CHARLOTTE, N.C. (PAI) -- Hundreds of union members, delegates to the Democratic National Convention, fanned out among their colleagues bearing little orange cards, talking about union rights.
The cards were part of labor's participation at the convention, held ironically in the least-unionized state in the U.S. and one that bans collective bargaining for state and local government workers.
The cards were distributed at a Sept. 4 morning caucus of labor delegates at the convention. AFL-CIO President Richard Trumka used that meeting to take even sharper slams at Republican presidential nominee Mitt Romney than Trumka did at his speech to the convention the next day. Trumka was a Pennsylvania delegate.
"It was profitable for him to bleed companies and kill jobs and end pensions in bankruptcy court and then walk away with millions of dollars. What did he care? He had his at that point," Trumka told fellow labor delegates. "Call me old-fashioned, but I believe it's important to do the right thing."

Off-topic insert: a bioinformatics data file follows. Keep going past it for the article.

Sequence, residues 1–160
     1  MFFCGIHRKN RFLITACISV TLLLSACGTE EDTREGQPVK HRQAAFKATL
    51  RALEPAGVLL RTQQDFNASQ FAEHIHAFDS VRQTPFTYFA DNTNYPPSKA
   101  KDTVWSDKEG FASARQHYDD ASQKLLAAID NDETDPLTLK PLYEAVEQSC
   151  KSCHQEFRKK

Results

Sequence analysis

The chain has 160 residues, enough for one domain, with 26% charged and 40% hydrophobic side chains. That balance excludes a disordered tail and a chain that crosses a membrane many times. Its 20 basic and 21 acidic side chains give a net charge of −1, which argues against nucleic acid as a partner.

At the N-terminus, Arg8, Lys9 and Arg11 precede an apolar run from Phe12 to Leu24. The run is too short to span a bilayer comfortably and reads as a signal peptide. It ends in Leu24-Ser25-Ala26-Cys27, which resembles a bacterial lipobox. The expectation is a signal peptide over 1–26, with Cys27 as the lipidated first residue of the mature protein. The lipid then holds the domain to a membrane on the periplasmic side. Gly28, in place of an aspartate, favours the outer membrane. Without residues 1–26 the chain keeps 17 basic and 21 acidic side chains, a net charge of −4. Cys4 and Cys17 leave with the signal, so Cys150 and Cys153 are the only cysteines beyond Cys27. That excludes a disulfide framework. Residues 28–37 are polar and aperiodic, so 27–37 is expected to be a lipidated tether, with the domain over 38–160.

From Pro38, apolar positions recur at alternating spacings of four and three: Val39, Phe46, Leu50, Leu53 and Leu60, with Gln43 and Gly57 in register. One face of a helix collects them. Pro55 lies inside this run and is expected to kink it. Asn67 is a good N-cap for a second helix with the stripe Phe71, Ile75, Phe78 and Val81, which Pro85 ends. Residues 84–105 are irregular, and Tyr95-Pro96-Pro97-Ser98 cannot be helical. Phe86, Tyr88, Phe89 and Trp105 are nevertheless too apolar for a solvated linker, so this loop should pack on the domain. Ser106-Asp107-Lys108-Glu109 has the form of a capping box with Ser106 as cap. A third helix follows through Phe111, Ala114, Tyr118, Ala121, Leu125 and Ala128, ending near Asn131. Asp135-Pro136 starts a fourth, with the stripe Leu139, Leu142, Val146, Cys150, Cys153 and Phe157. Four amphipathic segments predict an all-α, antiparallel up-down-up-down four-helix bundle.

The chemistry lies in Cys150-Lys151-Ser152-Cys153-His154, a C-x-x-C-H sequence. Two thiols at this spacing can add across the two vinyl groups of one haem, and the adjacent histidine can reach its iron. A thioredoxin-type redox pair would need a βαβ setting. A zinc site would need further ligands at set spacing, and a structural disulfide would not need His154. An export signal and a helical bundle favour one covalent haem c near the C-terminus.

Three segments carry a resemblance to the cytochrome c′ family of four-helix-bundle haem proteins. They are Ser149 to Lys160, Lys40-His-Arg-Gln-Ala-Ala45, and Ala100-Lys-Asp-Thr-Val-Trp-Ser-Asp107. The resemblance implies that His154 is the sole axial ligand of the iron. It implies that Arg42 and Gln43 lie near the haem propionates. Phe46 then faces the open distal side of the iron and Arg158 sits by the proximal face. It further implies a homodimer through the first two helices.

Democratic President Barack Obama, whom labor strongly supports, has made a point of attacking Romney's jobs record as CEO of Bain Capital. That's to offset Romney's claims that as a businessman, he can revive the economy.
Trumka said Romney not only outsourced U.S. jobs, but even outsourced even his own bank accounts. Romney has admitted that he stashed his millions in accounts in Switzerland and the Cayman Islands, both considered "tax havens" used to shield income and assets.
In an interview with CNBC, Trumka also predicted Romney's policies, which he said mimic those of George W. Bush, would drive the U.S. back into a recession. And he blasted Romney for being anti-workers' rights.
Trumka told CNBC that the Republican platform, enacted the week before, is " "a vicious attack on workers" and "the most anti-worker, anti-union platform of any party in the history of the United States." He said the GO wants to kill collective bargaining, among other workers' rights.
The GOP platform also endorses a nationwide so-called "right to work" law. North Carolina is a right to work state, which was another reason that many unions - notably the building trades - decided not to participate in the convention.
Photo: At the Sept. 3 Labor Day parade, in Charlotte, N.C., before the start of the Democratic National Convention. Chuck Burton/AP